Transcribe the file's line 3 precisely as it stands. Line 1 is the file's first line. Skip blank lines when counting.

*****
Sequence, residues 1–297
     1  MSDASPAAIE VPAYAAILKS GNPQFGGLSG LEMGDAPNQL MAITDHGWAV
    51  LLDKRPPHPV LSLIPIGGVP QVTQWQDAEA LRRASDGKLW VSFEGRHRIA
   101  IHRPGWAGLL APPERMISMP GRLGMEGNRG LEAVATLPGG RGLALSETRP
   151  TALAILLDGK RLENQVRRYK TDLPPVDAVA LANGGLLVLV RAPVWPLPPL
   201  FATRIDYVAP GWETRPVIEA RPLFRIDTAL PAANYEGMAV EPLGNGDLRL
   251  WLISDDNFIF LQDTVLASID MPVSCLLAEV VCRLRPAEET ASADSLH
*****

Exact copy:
    51  LLDKRPPHPV LSLIPIGGVP QVTQWQDAEA LRRASDGKLW VSFEGRHRIA